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Lincoln woman’s giving legacy spans half a century
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Lincoln woman’s giving legacy spans half a century

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Ethel S. Abbott Foundation trustees

Ethel S. Abbott Foundation trustees (from left) Del Lienemann Jr., Denise Scholz (treasurer), Doug Lienemann and Dorothy Pflug (president), and University of Nebraska Foundation President Brian Hastings in front of the 240,000-square-foot Howard L. Hawks Hall building, home of UNL’s College of Business. The Abbott Foundation committed $375,000 to the Hawks Hall project when it was dedicated three years ago. 

Contributing millions of dollars in anonymous gifts through her foundation up until her death, Ethel S. Abbott left a legacy of selfless giving.

“Far-reaching” and “comprehensive” describe the foundation’s ongoing giving over the past 48 years, with over $27 million distributed just since 1992.

A longtime Lincoln resident, Ethel spent her final years in Omaha, where she maintained ties with the family of the man who helped her establish her foundation in 1972 – Delmar Lienemann Sr.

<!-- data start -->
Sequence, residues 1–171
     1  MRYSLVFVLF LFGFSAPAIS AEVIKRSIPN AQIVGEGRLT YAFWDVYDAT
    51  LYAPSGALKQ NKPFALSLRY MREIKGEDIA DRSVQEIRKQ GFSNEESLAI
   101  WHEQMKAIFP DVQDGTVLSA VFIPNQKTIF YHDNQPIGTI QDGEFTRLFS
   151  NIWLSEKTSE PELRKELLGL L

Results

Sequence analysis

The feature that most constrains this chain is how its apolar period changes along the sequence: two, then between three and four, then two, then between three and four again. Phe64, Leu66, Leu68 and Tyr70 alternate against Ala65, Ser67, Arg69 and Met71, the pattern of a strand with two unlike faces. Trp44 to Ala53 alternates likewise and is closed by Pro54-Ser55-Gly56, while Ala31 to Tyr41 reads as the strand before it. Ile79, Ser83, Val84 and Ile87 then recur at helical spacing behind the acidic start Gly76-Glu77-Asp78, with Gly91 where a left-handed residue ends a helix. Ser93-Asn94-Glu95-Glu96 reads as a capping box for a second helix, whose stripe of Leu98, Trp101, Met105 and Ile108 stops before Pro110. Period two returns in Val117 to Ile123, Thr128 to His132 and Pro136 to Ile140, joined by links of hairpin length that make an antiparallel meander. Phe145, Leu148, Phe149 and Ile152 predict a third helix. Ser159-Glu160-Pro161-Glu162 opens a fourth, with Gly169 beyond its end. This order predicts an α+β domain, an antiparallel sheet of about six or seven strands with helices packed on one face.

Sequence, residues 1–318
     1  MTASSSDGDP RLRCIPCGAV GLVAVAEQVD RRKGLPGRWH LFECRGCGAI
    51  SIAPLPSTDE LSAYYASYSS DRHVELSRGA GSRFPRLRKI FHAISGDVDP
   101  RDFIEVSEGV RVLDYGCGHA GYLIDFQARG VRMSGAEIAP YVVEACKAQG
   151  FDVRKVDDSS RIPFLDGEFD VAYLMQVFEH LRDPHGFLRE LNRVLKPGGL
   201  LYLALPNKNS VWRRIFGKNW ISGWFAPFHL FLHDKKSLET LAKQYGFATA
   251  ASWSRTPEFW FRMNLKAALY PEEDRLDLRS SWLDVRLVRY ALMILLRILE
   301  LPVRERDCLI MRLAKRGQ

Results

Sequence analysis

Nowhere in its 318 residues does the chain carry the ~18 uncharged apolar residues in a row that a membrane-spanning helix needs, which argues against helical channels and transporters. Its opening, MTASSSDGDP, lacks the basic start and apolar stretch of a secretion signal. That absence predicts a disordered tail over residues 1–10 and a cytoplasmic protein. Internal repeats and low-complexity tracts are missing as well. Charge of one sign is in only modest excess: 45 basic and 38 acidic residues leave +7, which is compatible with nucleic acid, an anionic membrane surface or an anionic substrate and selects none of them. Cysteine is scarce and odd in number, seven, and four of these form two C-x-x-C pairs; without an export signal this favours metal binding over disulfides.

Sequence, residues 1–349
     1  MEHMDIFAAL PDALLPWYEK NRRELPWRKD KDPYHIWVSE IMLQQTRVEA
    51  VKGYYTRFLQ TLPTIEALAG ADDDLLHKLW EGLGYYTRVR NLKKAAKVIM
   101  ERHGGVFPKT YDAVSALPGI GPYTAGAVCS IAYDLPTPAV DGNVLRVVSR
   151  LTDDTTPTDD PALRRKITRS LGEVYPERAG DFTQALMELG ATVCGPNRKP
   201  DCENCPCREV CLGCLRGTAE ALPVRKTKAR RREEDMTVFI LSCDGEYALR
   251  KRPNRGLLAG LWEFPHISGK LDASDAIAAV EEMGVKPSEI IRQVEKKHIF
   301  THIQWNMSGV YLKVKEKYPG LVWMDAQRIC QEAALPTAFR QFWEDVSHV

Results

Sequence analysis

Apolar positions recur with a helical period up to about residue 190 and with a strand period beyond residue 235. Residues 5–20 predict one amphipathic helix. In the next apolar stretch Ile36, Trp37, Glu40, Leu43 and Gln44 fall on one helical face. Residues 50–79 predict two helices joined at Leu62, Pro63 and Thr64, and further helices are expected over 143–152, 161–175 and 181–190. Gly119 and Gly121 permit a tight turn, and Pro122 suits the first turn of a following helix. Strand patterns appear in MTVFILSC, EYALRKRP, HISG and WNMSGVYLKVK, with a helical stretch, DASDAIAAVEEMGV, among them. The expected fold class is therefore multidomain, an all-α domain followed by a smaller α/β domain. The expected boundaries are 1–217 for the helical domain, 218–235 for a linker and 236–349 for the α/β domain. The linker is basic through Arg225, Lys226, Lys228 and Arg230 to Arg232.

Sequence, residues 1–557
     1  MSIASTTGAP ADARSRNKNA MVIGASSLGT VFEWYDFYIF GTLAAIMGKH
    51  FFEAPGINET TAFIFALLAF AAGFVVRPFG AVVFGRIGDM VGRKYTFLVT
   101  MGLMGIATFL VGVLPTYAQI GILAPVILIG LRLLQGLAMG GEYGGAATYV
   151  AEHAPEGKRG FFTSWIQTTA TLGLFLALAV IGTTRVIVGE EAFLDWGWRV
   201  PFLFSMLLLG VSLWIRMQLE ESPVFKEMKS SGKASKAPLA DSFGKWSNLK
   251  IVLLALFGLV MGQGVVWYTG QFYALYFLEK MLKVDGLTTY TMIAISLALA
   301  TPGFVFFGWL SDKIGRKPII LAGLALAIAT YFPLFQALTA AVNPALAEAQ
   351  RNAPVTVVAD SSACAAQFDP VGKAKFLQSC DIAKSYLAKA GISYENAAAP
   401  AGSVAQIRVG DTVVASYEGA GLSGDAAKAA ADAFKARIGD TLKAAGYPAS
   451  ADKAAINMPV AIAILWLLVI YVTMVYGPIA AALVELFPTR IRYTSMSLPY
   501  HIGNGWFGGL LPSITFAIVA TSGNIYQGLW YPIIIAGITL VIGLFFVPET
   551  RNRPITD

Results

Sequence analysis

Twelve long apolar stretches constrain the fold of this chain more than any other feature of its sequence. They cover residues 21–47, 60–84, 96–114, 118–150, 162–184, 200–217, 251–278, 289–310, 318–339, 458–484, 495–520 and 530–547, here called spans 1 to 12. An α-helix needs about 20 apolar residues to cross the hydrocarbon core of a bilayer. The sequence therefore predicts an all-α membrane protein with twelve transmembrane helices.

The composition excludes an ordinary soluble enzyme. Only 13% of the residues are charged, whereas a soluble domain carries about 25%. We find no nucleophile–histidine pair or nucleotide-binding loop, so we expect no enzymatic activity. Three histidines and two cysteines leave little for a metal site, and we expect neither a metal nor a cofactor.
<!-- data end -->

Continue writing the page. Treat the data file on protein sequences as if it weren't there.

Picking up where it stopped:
Current Foundation President Dorothy (Lienemann) Pflug and her young family regularly received baby and Christmas gifts from Abbott. Pflug recalled one gift in particular – a silver train bank for her eldest son, engraved with his full name, William Peck Pflug. It was William’s great-grandfather, Burlington Northern Railroad engineer Earl Peck, who introduced Del Lienemann Sr. to Ethel and her second husband, Christopher Abbott.

Lienemann, a Lincoln CPA who had already established his own foundation, helped Ethel do the same after Chris Abbott’s death. The Ethel S. Abbott Charitable Foundation became fully funded in 1992 upon Ethel’s passing, when an additional $15 million from her estate was added. Today, the fund has grown to over $25 million.

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Pflug administers foundation funds along with her four sibling board members -- Denise Scholz, Dan Lienemann, Doug Lienemann and Del Lienemann Jr.

She hopes that Ethel’s example will encourage others to give back to the community and to organizations that mean something to them.

“It can be huge. It’s what it does for the culture of our community, to encourage people to be givers versus takers,” Pflug said.

Ethel, who lived to be 97, married Raymond H. Page in 1924, and together they operated the Lincoln Aircraft Company. The couple taught Charles Lindbergh to fly and even received a telegram when he landed in Paris in 1927 after his transatlantic flight.